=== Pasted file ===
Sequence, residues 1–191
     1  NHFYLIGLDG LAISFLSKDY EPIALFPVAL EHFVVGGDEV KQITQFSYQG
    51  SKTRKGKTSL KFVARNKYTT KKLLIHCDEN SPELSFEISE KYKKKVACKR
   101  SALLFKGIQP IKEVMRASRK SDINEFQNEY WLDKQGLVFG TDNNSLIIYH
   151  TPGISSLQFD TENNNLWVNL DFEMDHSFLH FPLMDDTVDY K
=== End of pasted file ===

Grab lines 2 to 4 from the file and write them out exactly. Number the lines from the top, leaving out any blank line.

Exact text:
     1  NHFYLIGLDG LAISFLSKDY EPIALFPVAL EHFVVGGDEV KQITQFSYQG
    51  SKTRKGKTSL KFVARNKYTT KKLLIHCDEN SPELSFEISE KYKKKVACKR
   101  SALLFKGIQP IKEVMRASRK SDINEFQNEY WLDKQGLVFG TDNNSLIIYH